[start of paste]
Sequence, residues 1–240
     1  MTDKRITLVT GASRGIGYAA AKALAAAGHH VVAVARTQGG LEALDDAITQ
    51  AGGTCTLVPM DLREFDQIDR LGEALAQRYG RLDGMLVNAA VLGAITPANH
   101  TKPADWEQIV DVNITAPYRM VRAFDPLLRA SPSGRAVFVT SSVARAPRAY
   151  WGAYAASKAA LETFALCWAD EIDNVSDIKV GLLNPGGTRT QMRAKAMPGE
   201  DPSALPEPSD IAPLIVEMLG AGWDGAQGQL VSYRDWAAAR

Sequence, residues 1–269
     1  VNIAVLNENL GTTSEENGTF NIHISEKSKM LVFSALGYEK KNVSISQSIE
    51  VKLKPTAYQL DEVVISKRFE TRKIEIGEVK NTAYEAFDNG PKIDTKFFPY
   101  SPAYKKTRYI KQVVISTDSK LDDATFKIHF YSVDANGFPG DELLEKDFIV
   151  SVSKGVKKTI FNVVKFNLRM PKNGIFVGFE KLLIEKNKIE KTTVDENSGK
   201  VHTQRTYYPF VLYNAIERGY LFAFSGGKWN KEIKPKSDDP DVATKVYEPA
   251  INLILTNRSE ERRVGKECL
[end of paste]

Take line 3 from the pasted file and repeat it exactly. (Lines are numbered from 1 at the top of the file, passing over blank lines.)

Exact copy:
    51  AGGTCTLVPM DLREFDQIDR LGEALAQRYG RLDGMLVNAA VLGAITPANH